I am reeling through the corridors of a big teaching hospital, trying to hold onto several large file folders that contain all of my medical records and paperwork, even though my left elbow is broken and in a sling, and I am walking with a cane. I am going to a doctor’s appointment in this big hospital. I finally arrive at the office, and meet up with the doctor, who looks very much like Dr. Parazin (the friendly spine guy from the Baptist). He asks me if I’ve met with the specialist I needed to see yet (I think it’s an oncologist), and I say, no, I couldn’t find one who would treat me. And he says, "Mary Lou, this cancer is very curable if you catch and treat it early. You have to get on this."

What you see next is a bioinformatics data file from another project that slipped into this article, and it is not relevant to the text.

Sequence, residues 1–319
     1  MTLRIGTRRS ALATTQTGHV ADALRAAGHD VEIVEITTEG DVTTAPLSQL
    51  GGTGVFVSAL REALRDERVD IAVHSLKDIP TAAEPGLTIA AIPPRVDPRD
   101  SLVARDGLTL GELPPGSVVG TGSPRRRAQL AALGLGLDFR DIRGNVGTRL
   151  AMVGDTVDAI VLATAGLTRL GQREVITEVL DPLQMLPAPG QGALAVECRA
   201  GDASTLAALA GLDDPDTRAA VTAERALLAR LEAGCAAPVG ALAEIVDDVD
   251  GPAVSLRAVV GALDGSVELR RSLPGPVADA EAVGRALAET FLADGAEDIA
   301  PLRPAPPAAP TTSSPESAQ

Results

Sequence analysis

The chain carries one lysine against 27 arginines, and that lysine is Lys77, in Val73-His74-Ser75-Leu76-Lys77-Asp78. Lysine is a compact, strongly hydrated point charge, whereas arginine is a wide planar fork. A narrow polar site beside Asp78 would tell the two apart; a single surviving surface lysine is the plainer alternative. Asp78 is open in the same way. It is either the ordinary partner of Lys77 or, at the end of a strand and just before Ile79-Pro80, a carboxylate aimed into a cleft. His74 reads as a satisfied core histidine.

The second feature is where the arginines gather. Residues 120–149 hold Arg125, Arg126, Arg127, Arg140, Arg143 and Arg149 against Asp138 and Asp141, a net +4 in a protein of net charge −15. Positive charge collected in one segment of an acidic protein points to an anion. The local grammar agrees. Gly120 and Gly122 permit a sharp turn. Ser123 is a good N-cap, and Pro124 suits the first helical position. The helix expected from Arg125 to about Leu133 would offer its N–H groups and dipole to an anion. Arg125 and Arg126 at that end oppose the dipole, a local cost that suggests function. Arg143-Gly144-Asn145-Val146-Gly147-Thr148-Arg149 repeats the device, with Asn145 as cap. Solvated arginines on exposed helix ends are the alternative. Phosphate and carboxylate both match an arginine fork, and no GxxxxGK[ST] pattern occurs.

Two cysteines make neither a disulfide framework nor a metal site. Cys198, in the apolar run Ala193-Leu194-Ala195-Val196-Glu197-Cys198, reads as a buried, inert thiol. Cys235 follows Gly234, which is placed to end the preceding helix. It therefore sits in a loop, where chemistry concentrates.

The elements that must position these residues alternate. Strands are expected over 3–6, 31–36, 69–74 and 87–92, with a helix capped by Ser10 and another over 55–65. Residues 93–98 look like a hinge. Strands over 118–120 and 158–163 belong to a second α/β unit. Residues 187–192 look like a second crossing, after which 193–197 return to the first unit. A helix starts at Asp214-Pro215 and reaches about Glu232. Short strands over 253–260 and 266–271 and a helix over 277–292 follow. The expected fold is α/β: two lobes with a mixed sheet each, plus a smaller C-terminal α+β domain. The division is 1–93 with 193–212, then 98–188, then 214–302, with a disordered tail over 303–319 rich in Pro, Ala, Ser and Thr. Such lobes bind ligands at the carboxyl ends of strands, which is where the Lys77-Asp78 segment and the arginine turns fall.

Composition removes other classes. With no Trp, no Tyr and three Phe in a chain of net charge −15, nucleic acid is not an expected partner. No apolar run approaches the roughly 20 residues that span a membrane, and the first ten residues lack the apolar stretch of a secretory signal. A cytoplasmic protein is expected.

He pays no attention to the obvious fact that I can barely walk, or handle the documents I am already carrying. I tell him that I haven’t been able to find anyone, and he’s nice about it, but he just says, "Well, keep looking, because it’s important." But he doesn’t help me in any way, like call anyone for me or anything (if you’ve read the Chronology pages of this web site, you will recognize where this incident comes from.)